"We're confident that voters will follow Walmart's lead and dump Cindy Hyde-Smith before she has the power to do real damage to our economy," Blanton said.

President Donald Trump, speaking to reporters Tuesday, said, "Cindy Hyde-Smith is a tremendous woman who truly loves the people of Mississippi and our country."

"She made a statement which I know she feels very badly about it."

Hyde-Smith's tendency to put her foot in her mouth has made the Senate race a competitive one despite Mississippi's status as an otherwise solidly dependable Republican-voting state.

The New York Times reported Tuesday that a private Republican poll had found that Hyde-Smith holds just a 5-percentage point lead over Espy, a former U.S. Agriculture Secretary under President Bill Clinton and three-term congressman from Mississippi's 2nd Congressional district.

Before her "hanging" comment, Hyde-Smith had received donations of $1,000 or more from big corporate backers including Amazon, Amgen, Google, Honeywell, Leidos, Lockheed Martin, Nucor and Tyson Foods.

Lockheed spokeswoman Maureen Schumann declined to comment on CNBC's inquiry about whether the company plans to follow Walmart's lead and withdraw support from Hyde-Smith.

Also Monday, Hyde-Smith said that her campaign had returned a $2,700 donation from Peter Zieve, a businessman in Seattle, who was sued by the state of Washington in 2017 for refusing to hire Muslims at his aerospace company Electroimpact, and for expressing "hatred" of Muslims at work.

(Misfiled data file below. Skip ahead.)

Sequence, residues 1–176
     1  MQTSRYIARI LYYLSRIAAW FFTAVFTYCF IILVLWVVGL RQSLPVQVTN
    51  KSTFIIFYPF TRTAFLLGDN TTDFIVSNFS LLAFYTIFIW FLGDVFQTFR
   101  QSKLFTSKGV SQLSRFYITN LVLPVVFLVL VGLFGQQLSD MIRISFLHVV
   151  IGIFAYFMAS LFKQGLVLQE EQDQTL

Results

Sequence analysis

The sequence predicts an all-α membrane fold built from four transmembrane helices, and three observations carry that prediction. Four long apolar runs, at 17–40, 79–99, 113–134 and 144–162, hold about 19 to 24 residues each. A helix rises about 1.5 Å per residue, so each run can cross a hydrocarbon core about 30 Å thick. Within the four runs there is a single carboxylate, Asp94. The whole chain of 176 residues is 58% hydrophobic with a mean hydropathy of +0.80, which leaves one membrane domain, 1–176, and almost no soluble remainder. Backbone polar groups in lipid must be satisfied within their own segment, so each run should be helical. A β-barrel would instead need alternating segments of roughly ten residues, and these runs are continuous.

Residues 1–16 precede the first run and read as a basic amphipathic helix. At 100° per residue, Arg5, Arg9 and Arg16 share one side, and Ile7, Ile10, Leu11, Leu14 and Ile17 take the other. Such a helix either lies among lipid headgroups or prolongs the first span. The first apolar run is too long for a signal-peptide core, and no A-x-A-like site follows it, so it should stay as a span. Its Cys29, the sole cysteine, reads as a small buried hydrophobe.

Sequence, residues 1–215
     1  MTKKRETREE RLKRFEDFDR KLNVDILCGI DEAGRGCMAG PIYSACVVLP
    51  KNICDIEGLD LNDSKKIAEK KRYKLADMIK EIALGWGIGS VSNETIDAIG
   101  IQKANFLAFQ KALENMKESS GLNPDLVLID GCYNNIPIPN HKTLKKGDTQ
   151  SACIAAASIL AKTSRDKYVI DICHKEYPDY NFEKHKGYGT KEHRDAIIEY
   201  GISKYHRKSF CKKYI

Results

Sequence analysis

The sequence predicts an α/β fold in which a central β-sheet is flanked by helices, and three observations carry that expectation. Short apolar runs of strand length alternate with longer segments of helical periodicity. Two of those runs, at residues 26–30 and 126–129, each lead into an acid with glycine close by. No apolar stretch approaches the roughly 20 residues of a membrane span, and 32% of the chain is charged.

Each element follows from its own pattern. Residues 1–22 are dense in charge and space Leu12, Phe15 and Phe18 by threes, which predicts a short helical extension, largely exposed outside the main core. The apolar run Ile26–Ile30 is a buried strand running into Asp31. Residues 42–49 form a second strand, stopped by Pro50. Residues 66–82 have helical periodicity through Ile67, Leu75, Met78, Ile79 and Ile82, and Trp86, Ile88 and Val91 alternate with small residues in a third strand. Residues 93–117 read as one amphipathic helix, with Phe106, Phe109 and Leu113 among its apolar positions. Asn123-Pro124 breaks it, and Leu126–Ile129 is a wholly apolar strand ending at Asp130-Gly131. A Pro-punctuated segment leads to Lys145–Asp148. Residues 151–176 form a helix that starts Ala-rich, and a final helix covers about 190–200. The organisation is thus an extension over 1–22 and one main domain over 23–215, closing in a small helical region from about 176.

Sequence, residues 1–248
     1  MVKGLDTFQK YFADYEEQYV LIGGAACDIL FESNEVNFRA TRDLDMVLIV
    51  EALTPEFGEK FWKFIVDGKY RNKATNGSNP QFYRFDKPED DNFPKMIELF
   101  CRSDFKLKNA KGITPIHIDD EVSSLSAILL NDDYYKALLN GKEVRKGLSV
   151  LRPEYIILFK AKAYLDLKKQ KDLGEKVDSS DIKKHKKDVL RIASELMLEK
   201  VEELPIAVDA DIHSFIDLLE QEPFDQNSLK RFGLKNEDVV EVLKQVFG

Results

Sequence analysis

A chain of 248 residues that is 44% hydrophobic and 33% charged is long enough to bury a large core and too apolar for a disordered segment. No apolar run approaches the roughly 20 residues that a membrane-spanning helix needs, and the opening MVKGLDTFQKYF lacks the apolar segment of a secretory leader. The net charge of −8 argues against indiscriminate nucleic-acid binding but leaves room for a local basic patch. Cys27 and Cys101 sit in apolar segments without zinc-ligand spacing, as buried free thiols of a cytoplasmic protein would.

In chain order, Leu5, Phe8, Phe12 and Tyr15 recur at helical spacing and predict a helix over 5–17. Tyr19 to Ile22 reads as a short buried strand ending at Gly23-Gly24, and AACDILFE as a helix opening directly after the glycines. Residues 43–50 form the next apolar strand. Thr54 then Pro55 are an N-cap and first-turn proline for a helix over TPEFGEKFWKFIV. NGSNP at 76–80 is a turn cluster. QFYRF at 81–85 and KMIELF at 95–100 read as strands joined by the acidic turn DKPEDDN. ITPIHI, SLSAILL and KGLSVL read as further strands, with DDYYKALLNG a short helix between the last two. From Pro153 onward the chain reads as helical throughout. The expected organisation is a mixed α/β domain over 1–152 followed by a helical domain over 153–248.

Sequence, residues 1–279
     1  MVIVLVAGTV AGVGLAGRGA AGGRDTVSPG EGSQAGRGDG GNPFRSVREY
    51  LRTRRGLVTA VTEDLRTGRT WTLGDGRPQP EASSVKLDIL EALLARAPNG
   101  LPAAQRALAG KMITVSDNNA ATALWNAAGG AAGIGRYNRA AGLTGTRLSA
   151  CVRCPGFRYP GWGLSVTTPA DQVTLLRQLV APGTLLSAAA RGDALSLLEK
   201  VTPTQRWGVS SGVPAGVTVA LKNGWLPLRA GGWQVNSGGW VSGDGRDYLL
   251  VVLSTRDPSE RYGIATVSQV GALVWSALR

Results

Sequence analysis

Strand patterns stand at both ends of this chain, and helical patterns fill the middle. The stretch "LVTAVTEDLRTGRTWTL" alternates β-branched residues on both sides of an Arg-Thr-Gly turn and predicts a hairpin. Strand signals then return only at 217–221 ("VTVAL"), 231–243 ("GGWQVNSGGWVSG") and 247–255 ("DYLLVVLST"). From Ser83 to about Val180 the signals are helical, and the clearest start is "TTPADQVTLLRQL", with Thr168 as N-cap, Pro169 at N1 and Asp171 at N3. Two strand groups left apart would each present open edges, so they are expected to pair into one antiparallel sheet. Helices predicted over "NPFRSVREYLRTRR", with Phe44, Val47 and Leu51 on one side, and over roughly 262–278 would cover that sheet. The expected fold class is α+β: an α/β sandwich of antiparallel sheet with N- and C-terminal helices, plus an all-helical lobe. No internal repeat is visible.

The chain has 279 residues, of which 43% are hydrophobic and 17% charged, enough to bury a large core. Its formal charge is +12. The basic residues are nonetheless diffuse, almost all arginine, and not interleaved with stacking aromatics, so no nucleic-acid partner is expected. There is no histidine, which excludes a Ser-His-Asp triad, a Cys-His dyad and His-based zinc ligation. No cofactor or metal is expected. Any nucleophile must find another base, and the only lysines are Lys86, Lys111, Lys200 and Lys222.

Zieve had made his donation several days after the video of her hanging comments came to light. Popular Information first reported Zieve's contribution last Thursday.

Last week, another video surfaced in which Hyde-Smith was heard saying it might be "a great idea" to make it more difficult for some people to vote.

"And then they remind me that there's a lot of liberal folks in those other schools who ... maybe we don't want to vote," Hyde-Smith said on the video, posted by the publisher of The Bayou Brief, a nonprofit news outlet in Louisiana.

"Maybe we want to make it just a little more difficult. And I think that's a great idea."

Her campaign said the senator "obviously" was "making a joke and clearly the video was selectively edited."

— Additional reporting by CNBC's Jacob Pramuk and Brian Schwartz